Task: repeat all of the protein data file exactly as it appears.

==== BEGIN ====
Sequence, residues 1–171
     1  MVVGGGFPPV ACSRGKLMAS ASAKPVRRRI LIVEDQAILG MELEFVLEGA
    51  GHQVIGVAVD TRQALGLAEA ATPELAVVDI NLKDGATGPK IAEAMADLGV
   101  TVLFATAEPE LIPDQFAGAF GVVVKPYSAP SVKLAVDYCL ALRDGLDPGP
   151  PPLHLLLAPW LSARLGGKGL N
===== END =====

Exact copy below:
Sequence, residues 1–171
     1  MVVGGGFPPV ACSRGKLMAS ASAKPVRRRI LIVEDQAILG MELEFVLEGA
    51  GHQVIGVAVD TRQALGLAEA ATPELAVVDI NLKDGATGPK IAEAMADLGV
   101  TVLFATAEPE LIPDQFAGAF GVVVKPYSAP SVKLAVDYCL ALRDGLDPGP
   151  PPLHLLLAPW LSARLGGKGL N